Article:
A seminar on decolonising methodologies with Linda Tuhiwai Smith

A conversation on decolonising knowledge with Linda Tuhiwai Smith, Michelle Fine and Andrew Jolivette

A video giving more information about Gloria González-López' findings on incest

A video introduction to participatory action research

A website with resources for participatory research

A short video about a participant's experience of taking part in dementia research

A video with more information about Carla Reeves' ethnographic research with sex offenders in a probation hostel

 A video which explores research justice through transformative research frameworks

A video example of a researcher working through a consent process with a research participant who has moderate aphasia (reading) and limited verbal output

A video offering a few thoughts on the emotional well-being of researchers


Chapter 4: Creative thinking

A good TEDx talk on creative thinking from Raphael DiLuzio

An interesting blog post on creative thinking by Michael Michalko

A short video outlining five ways to think ethically

A video interview with Daniel Kahneman in which he talks about 'thinking, fast and slow'

A useful discussion about literature and decolonising methodologies

Advice on creative reading from some great writers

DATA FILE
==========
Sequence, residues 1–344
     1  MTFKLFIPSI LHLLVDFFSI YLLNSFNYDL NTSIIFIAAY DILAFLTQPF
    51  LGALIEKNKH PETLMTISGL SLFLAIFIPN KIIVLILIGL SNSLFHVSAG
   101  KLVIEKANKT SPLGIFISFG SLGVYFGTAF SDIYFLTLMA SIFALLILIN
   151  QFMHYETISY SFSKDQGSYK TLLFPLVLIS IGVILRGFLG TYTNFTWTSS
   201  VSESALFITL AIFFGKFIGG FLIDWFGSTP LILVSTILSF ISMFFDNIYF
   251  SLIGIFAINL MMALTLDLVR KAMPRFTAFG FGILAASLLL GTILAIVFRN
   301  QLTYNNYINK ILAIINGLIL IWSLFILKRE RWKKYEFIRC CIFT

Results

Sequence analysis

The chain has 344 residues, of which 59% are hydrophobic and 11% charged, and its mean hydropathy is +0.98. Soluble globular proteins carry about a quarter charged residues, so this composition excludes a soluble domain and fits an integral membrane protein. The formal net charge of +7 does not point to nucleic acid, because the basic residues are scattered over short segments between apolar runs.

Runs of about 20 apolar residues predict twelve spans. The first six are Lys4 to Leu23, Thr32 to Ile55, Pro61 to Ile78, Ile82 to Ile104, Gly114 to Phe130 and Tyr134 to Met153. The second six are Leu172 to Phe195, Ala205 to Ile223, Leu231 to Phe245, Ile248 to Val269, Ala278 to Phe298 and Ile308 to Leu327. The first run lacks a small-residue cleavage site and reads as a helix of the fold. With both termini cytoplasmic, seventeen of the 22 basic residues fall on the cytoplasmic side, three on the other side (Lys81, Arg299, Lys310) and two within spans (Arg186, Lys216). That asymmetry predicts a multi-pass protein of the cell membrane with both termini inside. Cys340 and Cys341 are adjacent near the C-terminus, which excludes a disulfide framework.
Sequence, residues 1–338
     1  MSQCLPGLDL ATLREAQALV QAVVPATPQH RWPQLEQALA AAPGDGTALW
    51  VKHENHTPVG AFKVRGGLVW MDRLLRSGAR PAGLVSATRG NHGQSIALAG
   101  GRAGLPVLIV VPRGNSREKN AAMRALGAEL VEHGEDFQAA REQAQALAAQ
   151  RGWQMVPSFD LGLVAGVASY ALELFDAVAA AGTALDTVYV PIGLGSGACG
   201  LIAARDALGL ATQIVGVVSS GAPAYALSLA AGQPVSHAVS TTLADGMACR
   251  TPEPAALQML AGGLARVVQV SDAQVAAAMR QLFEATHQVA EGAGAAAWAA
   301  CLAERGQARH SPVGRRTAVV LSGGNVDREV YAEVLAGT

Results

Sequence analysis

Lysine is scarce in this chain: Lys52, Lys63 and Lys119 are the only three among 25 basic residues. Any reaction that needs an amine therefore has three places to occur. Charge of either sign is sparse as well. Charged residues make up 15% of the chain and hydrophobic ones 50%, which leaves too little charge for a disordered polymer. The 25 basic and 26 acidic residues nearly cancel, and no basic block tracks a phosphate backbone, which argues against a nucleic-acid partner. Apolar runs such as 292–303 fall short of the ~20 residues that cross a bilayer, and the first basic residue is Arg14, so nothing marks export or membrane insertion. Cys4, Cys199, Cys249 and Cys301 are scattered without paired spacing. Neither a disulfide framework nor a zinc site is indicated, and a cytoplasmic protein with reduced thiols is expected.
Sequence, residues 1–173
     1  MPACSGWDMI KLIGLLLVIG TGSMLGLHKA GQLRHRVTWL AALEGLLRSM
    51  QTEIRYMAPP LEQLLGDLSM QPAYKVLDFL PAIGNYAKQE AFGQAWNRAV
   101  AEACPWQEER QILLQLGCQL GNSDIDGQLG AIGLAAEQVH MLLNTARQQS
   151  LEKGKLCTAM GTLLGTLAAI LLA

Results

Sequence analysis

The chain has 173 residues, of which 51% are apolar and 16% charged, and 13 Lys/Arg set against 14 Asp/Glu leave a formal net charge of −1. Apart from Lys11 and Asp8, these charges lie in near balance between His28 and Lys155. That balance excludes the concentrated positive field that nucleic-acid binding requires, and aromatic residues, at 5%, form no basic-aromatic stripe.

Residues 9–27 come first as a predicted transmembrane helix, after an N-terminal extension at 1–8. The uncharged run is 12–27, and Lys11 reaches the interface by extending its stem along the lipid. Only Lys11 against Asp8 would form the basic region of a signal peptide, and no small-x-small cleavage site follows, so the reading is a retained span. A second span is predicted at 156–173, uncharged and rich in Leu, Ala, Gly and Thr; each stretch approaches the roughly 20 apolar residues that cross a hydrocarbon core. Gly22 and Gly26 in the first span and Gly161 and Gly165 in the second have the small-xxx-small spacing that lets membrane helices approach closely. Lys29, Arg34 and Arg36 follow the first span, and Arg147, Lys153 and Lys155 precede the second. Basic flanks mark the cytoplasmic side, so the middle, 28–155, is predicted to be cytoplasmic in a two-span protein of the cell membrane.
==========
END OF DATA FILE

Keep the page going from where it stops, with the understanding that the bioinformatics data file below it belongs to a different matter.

A video presentation by UK-based researcher John Schulz about the role of theory in research

A lecture by Elliot Eisner entitled 'What do the arts teach?'

The British Library’s Social Welfare Portal

A talk on creativity and imagination by US creativity expert Gregg Fraley

 Guidelines for quality in mixed-methods research from the Office of Behavioral and Social Sciences Research of the National Institutes of Health in the US


Chapter 5: Gathering data

A UK newspaper article about UK researchers Sue Adamson and Margaret Holloway’s study of spirituality in 46 UK funerals

A useful web page on reflexive research by staff from the Robert Wood Johnson Medical School in America

A TEDx talk by Douglas Hoston Jr about poetic inquiry that examines culture

An online description of Zaltman's metaphor elicitation technique (ZMET)

An open-access journal whose first issue covers the use of diaries and field notes in research